How To Make Your Christmas One To Remember

It won't be the same, but can still be special.

Even though Christmas 2020 won’t be your typical festive season, there are still lots of festive things you can do to make it memorable.

You can do this in a number of ways, from starting quirky new Christmas traditions and taking time to find the perfect gifts and treats to show those around you how much you care.

Nectar Shopping Smarts is a great place to start. They’ve partnered with the unlikely shopping guru, Vinnie Jones, to create a no-nonsense shopping guide to make Christmas extra special this year.

To complement his expertise, we also headed out to a typical high street to ask those out Christmas shopping what they were doing to make their festive season safe, but special this year.

Wrapping and decorating Christmas presents for sending homemade cookies as a gift for Christmas.
Wrapping and decorating Christmas presents for sending homemade cookies as a gift for Christmas.

Christmas care packages

Just because some of us can get together, it doesn’t mean everyone will choose to. Catherine, an intensive care nurse, has vulnerable parents who are shielding: “I’m going to post them a hamper, like a Christmas care package, full of Christmas treats - chocolates, biscuits, their favourite tipple, and a DVD of a favourite film that we can sit down and watch together at a scheduled time. Although we’re apart, we can share the same film and treats on the day.”

Presents that make a real difference

Everybody has found the lockdown challenging to some degree, but for the most vulnerable in the UK and around the world, it has been doubly tough. When you’re struggling to buy a present for someone who seems to have everything, why not make a charity donation in their name? David, an investment manager, says: “I’m making gift donations to Apopo’s Hero Rats, Love The Oceans and The Friends of IBBA Girls’ School in South Sudan – smaller charities that are making a massive difference in their areas.” And notification of these gifts can easily be sent in a Christmas card or forwarded by email.

An adorable and happy little girl holding her grandparent's hand and having a relaxing walk in the park
An adorable and happy little girl holding her grandparent's hand and having a relaxing walk in the park

Christmas Day walk and picnic

We’ve done a lot of walking in lockdown, so why stop on Christmas Day? And the hardier among us could consider doing Christmas dinner as a picnic in the park, in line with advice from The World Health Organisation. “My family are from more than three households,” says Tom, a construction worker, “so we’ve got no choice but to wrap up warm and meet up outside.” Picnic Christmas dinner could include warm turkey and stuffing rolls with cranberry sauce, pigs in blankets, mini baked potatoes, Christmas slaw made with red cabbage, fennel and celeriac, posh crisps, sausage rolls, mince pies, and a Thermos flask (or two) of hot mulled wine. OK, it’s not the same as the Christmas roast with all the trimmings, but a small sacrifice to be able to see loved ones safely. Pick up all the ingredients in Sainsbury’s, and collect or spend Nectar points as you shop.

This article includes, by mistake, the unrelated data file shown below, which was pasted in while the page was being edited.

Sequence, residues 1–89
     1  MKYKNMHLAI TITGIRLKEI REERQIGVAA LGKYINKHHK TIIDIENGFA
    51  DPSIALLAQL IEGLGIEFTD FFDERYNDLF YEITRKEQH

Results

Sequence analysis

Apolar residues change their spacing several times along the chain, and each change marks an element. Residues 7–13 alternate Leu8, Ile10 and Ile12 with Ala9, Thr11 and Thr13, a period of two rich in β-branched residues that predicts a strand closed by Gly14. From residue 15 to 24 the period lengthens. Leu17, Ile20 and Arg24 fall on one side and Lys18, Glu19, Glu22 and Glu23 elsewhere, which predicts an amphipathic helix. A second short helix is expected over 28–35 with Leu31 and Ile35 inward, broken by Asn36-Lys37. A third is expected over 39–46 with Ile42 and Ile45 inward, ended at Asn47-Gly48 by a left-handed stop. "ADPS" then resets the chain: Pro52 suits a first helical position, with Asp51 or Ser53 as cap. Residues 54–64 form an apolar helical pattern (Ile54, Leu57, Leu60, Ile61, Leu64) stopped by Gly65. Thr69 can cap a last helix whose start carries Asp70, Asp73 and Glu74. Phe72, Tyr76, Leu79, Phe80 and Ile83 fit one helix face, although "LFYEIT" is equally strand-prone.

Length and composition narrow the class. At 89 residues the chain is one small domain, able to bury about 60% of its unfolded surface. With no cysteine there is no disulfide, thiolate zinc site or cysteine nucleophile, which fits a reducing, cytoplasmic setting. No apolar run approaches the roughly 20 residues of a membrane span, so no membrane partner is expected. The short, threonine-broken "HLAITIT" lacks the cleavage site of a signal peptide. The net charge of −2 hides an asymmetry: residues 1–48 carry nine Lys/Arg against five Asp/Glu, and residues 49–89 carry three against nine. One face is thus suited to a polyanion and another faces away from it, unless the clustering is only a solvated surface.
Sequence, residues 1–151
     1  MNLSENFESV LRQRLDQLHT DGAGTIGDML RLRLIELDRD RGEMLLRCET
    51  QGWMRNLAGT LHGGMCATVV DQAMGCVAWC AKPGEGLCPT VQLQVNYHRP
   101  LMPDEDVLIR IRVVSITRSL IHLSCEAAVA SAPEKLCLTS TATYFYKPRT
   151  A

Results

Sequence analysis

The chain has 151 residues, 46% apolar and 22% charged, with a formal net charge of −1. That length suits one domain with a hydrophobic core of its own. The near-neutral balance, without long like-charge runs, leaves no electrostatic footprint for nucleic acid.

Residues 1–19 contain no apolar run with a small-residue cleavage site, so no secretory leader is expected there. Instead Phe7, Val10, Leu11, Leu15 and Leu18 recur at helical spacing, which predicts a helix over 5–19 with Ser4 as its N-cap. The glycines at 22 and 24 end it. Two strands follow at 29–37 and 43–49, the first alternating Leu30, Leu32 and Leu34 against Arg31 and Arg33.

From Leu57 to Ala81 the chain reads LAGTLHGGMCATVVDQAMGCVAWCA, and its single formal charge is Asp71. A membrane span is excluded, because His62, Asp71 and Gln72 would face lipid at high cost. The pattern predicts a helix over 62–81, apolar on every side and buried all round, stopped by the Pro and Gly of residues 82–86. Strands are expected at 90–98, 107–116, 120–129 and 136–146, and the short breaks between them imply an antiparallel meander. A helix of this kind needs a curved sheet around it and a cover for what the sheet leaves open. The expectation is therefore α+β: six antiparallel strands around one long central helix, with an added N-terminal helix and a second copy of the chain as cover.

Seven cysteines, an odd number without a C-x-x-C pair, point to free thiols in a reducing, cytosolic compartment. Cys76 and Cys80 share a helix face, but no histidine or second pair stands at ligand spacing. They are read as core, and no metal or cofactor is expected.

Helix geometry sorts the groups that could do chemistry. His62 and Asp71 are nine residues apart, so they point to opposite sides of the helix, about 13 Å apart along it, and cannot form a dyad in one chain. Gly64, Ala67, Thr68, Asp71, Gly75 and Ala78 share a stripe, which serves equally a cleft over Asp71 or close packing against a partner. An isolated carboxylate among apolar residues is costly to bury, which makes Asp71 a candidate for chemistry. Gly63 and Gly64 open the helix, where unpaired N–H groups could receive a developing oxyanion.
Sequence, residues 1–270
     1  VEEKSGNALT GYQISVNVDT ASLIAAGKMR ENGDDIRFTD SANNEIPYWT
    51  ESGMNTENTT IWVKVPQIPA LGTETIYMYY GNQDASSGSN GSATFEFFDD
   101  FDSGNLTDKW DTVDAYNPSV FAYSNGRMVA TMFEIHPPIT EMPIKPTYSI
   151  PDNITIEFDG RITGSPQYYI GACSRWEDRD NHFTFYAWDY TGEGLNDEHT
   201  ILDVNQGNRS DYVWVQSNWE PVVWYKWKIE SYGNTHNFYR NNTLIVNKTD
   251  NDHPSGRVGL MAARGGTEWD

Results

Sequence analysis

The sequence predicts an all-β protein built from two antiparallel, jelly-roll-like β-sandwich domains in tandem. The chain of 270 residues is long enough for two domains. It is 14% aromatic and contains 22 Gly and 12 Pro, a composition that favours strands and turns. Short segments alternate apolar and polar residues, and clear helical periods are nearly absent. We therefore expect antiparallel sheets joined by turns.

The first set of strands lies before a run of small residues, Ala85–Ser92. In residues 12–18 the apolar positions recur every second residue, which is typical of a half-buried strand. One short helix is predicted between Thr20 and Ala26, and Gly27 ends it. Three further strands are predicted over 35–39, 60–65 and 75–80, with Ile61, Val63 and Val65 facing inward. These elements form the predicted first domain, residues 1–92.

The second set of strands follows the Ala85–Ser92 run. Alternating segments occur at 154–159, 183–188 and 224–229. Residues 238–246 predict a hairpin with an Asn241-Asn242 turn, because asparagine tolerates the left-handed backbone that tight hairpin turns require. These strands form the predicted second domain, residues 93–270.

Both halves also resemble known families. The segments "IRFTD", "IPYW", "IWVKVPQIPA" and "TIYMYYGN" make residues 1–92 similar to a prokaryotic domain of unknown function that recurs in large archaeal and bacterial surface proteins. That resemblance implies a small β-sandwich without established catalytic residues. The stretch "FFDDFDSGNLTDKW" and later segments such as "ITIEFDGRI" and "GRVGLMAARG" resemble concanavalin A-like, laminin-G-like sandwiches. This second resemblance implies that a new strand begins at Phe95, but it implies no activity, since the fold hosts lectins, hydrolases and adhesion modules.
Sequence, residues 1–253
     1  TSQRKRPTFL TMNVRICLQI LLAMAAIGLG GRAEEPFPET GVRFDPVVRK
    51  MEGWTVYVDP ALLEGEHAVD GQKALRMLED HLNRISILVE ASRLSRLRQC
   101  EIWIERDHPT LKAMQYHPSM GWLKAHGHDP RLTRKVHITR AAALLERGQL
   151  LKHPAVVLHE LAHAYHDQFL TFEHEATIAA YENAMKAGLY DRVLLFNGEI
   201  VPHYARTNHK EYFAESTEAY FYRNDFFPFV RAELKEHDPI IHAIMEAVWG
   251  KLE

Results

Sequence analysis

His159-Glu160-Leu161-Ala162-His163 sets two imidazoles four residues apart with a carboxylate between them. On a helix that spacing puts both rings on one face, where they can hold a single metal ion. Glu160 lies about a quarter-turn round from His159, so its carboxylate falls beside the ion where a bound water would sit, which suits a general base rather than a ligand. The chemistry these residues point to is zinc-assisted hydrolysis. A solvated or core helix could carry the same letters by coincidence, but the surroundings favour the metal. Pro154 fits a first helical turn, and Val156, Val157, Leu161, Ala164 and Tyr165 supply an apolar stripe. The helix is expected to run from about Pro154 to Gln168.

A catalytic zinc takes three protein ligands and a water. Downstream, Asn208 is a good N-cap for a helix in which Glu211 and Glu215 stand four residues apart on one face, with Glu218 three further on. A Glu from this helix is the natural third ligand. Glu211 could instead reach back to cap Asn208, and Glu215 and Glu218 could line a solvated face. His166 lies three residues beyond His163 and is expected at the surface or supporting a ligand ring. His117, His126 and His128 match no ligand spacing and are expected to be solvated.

Revive the Christmas card

Despite fears that sending Christmas cards was becoming a thing of the past, research by the Royal Mail showed that 72% of people who celebrate Christmas would prefer to receive cards, with only 6% preferring a social media festive greeting, and 10% a text. Handwritten Christmas cards are a lovely way to connect with people in a year where connection has been missing. “I’m going to write a short paragraph in all my 2020 Christmas cards telling people how much they mean to me,” says Karin, a teaching assistant. And we’re predicting that a lack of foreign travel and opportunities for activities this year will result in fewer ‘What We Did In 2020’ round robin letters. What a shame.

Finding unique gifts for those you love

Part of the joy of Christmas is being able to shop for hours to find truly personal gifts for loved ones. This year, with many of us opting to shop online, why not try eBay which is a great hunting ground for sourcing more unusual gifts from smaller businesses – and you can collect Nectar points as you shop. “We don’t want to lose our lovely small independent shops, do we?” said Maureen, a carer, “I’m buying at least some of my presents, food and drink from independents and farm shops.”

A Christmas tree in a window
A Christmas tree in a window

Drive-by Christmas lights

Give the younger kids a real treat: let them stay up a bit later, wrap them in snuggly blankets with some chocolatey treats and drive them through some pretty streets and towns to look at the Christmas lights. “My toddlers found this magical,” said Tina, an administrator, “not sure it would particularly impress the teenagers though!” You could also arrange home drive-bys with other families to say doorstep hellos and check out their decorations.

Fun and games

Because of social distancing, Twister is probably out this year, but there are plenty of other games you can find online and play responsibly at a distance: charades, Guess The Song and Pub Quizzes. And now most of us are familiar with Zoom, so we can link up virtually with other Christmas bubbles and play online. “We’re planning to play Zoom Pictionary on Christmas afternoon”, says Rose, a leisure centre manager, “We just draw the pictures and hold them up. Easy.” Use a random word generator so you don’t run out of ideas.

For even more tips check out Nectar’s Shopping Smarts series. You’ll also find loads of tips on shopping for Christmas, hobbies and travel too, as well as getting more from it all with Nectar.